Responsibilities of a Caregiver

July 8, 2020

Today, people are living longer than ever before, and most will surpass the current average life expectancy of 78.6 years. While this means that many of us are fortunate to have parents as a part of our lives for longer, it also means facing the possibility of becoming a primary caregiver for at least one of them. Today, more than 40 million Americans provide care to an elderly parent or family member, and long-term caregiving takes a toll on a caregiver’s physical and emotional health.

If it is no longer safe for mom or dad to live alone, consider some of the top responsibilities of becoming a primary caregiver before moving them in:

Assist with Activities of Daily Living

Depending on their health and mobility, your loved one may need regular assistance with basic activities of daily living. These include, but are not limited to, eating, bathing, toileting, dressing, and moving from room to room. As your loved one ages, their ability to perform these tasks may deteriorate.

Provide Transportation

Chances are that as your loved one ages, they will become unable to drive themselves or take public transportation. Providing and coordinating transportation to medical appointments and social engagement will need to be worked into your daily schedule.

Coordinate and Manage Medical Care

As a long-term caregiver, the health and well-being of your loved one are paramount. Caregivers are responsible for making and attending doctor appointments, administering and managing medications, and addressing sudden health or behavior changes. Be sure to have a team of trusted physicians and health professionals you can consult regarding your loved one’s health.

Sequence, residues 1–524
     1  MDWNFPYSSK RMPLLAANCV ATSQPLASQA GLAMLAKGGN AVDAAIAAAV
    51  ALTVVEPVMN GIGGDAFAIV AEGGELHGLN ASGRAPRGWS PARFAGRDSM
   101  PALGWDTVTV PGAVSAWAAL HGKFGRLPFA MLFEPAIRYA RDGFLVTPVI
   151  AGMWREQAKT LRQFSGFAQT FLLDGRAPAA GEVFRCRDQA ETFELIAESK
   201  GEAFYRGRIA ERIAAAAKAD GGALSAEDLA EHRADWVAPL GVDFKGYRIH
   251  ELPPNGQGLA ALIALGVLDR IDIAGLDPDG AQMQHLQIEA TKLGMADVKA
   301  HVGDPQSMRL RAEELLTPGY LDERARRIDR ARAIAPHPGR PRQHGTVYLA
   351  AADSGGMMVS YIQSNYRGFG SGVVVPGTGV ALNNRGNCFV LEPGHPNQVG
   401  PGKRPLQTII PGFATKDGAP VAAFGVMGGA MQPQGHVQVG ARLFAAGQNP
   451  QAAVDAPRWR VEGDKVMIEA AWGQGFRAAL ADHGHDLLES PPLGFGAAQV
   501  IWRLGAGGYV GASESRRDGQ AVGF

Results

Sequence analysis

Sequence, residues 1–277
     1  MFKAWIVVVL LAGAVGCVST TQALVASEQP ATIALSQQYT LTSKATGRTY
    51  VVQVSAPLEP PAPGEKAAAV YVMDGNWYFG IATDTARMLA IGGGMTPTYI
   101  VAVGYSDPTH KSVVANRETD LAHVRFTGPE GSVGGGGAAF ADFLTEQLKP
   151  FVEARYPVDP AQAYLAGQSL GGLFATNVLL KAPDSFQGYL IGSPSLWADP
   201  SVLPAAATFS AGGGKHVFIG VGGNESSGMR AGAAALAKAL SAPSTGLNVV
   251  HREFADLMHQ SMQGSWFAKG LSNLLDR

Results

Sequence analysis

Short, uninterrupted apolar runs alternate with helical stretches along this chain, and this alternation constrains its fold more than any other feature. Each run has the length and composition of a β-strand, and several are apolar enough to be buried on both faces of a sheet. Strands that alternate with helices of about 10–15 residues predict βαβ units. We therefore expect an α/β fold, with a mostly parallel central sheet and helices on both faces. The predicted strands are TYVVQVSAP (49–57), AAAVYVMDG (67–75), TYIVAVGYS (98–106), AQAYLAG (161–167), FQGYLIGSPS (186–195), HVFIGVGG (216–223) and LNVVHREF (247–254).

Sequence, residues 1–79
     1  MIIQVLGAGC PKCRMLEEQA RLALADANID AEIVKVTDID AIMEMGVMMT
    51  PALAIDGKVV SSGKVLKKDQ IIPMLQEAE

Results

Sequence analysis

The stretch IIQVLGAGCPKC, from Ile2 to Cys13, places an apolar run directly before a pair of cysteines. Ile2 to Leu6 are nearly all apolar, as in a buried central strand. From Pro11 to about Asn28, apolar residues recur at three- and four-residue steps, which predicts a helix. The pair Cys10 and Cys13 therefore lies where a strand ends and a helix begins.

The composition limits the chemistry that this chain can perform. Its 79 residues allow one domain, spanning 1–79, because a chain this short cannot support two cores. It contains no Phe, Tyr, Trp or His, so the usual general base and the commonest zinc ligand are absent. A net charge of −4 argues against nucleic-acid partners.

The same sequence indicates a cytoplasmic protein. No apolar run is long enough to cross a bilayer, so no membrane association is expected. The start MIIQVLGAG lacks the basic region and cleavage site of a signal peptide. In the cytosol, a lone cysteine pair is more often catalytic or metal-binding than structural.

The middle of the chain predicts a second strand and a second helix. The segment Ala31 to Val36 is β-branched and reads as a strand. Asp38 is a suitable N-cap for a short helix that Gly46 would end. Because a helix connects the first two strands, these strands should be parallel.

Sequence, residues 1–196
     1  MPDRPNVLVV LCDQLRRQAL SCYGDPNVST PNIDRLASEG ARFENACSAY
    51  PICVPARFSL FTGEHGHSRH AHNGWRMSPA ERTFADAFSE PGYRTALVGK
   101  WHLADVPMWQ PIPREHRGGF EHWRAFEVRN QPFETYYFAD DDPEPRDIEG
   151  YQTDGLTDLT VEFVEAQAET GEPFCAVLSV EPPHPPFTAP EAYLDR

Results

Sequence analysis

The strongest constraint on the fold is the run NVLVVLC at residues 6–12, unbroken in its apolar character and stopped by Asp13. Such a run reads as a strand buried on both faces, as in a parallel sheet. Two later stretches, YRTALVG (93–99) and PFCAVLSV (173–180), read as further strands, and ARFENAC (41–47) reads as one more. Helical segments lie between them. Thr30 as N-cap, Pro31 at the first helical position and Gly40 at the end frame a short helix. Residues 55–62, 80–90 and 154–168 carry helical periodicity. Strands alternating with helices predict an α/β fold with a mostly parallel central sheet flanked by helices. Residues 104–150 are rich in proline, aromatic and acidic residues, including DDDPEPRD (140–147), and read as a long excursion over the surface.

Provide Mental Engagement and Physical Activity

Providing seniors with regular mental engagement and physical activity will not only keep the mind sharp and the body healthy, but it also helps to prevent depression and loneliness. While providing care for a loved one, it is essential incorporate daily activities that promote mental and physical health. Local senior centers, libraries, and councils-on-aging are excellent resources for finding ways to help your loved one stay active and engaged.

Assess Finances and End-of-Life Planning

Before they are unable to have the conversation, discuss and assess your loved one’s financial situation and end-of-life plans so that you are equipped to take on the role of financial caregiver when the time comes. Enlist the help of the family financial advisor or lawyer to ensure that all of their documents and finances are in order.

If you’re considering taking on the role of long-term caregiver for your loved one, seek help and advice from their medical team and other caregivers. Don’t be afraid to explore other options like senior living communities, where your loved one will be well-cared for.

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